Jump to content

Boot PE from USB Flash Drive


Recommended Posts

The Boss Man really wants to boot WinPE from USB Key drives. I've given him the information from Microsoft saying it won't work, but he doesn't believe that it is impossible. (In other words, I have to continue trying until either Microsoft supports it, or I find some kind of a work around) Right now, I'm looking at IDE to USB adapters. We've all seen the IDE to Compact Flash adapters that will run Linux, but has anyone tried using the adapter that is IDE female on one end to USB B on the other end with a USB gender adapter to allow for a USB Key drive to plug into it? I know this is a long shot, but I have to be fairly certain on these things before I go out and buy a $60 adapter that might just go to waste. Thanks.

Link to comment
Share on other sites


I got it booted from an USB Stick and some Boards that have an Award Bios where you can choose the emulation mode for usb (you must be able to emulate as hdd).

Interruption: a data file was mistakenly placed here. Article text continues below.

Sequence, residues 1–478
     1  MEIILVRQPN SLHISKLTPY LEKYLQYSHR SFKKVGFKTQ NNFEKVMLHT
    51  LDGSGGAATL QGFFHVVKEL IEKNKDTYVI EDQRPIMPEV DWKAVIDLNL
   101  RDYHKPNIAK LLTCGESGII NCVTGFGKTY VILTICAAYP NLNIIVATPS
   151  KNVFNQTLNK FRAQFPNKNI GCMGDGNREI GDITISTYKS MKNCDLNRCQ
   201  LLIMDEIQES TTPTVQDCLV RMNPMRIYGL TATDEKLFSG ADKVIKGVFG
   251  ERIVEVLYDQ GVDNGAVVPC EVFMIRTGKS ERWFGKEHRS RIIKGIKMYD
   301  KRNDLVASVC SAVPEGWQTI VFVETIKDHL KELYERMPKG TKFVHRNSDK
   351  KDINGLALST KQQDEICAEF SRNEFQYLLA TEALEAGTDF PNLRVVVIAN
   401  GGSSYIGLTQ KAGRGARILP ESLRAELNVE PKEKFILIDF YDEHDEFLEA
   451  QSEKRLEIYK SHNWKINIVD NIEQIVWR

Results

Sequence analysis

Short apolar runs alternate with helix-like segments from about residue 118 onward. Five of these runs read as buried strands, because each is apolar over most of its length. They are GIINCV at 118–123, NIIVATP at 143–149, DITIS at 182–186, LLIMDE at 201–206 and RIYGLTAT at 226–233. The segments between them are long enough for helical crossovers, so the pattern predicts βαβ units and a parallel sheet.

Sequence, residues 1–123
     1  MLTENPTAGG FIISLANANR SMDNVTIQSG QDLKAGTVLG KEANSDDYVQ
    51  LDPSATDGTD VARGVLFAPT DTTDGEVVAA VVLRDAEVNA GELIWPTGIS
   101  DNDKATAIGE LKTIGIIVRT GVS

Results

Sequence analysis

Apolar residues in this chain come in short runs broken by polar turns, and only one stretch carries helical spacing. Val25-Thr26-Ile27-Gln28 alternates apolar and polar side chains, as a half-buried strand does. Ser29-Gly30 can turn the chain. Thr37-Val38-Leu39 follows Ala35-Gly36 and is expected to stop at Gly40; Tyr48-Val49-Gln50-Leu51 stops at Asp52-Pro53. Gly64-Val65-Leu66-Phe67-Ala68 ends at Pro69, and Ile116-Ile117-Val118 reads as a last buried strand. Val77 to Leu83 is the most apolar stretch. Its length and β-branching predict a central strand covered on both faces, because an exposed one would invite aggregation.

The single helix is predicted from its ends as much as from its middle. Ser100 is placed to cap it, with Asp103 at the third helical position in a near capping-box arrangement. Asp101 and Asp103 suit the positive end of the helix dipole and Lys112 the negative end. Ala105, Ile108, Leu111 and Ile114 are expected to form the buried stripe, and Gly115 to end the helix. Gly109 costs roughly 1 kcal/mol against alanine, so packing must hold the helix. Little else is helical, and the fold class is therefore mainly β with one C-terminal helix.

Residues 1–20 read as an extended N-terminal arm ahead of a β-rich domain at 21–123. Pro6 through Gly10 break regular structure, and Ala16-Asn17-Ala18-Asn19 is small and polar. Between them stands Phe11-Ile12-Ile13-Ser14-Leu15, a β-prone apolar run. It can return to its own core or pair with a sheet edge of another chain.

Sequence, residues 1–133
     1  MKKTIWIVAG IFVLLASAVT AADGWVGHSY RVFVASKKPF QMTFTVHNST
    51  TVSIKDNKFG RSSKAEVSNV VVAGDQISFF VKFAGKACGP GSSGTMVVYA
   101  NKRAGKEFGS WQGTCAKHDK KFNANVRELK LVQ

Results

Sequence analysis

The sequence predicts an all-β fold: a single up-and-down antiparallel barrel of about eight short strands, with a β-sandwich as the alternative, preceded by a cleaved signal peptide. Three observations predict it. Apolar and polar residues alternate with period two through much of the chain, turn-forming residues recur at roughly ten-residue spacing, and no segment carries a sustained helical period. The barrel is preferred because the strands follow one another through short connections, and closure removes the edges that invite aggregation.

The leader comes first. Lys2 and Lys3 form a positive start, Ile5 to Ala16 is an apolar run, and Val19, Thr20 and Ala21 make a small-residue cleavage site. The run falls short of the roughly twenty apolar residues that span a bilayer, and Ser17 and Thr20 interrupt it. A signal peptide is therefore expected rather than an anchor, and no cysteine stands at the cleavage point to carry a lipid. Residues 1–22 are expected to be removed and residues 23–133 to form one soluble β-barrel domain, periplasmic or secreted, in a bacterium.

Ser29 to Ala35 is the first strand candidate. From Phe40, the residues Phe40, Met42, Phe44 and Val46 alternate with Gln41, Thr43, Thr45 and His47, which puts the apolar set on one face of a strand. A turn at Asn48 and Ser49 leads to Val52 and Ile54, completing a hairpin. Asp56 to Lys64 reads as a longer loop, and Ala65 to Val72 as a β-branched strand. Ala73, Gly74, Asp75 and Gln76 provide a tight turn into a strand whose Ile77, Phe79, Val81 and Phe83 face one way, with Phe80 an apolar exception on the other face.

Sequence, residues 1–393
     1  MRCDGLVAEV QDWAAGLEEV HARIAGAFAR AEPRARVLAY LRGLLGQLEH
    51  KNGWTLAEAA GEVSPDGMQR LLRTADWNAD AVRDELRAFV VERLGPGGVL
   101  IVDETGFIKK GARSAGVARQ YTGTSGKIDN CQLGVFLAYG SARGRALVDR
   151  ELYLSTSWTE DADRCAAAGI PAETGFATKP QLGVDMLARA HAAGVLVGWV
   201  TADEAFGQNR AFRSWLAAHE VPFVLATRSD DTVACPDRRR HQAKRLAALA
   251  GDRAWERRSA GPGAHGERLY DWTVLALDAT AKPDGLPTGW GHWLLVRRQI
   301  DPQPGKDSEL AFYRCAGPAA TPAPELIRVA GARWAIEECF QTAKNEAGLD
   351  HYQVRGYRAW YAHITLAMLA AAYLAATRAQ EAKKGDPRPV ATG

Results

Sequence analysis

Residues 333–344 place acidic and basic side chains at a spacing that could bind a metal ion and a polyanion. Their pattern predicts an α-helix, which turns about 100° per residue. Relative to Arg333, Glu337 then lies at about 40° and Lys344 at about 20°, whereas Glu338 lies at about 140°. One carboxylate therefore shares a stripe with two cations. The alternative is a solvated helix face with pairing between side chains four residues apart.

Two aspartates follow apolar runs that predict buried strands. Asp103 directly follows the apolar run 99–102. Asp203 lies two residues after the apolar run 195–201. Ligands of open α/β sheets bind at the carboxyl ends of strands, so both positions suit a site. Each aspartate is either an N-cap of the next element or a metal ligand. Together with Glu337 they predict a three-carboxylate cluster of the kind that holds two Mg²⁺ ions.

than you can use a hp tool to partitioning and formatting the stick fat16 (i do not know the web adress at the moment from the tool).than copy the i386 dir to the stick and rename i386 to minint.Then copy ntdetect.com to the root and setupldr.bin to the root.rename setupldr.bin to ntldr.And set the stick active (thats normally done if you used the hp tools).after all that it should boot on some mainboards (not all).

there was a big thread on the 911 forum thats closed at the moment.

keep up


Link to comment
Share on other sites

All good ideas. I think we are just going to have to wait for the industry to support the concept better before we can put this into production. The problem with leaving the Key Drive in Fat is that our HDDs are all NTFS, so we would not be able to do any type file recovery, which is large part of what we see this being used for.

Link to comment
Share on other sites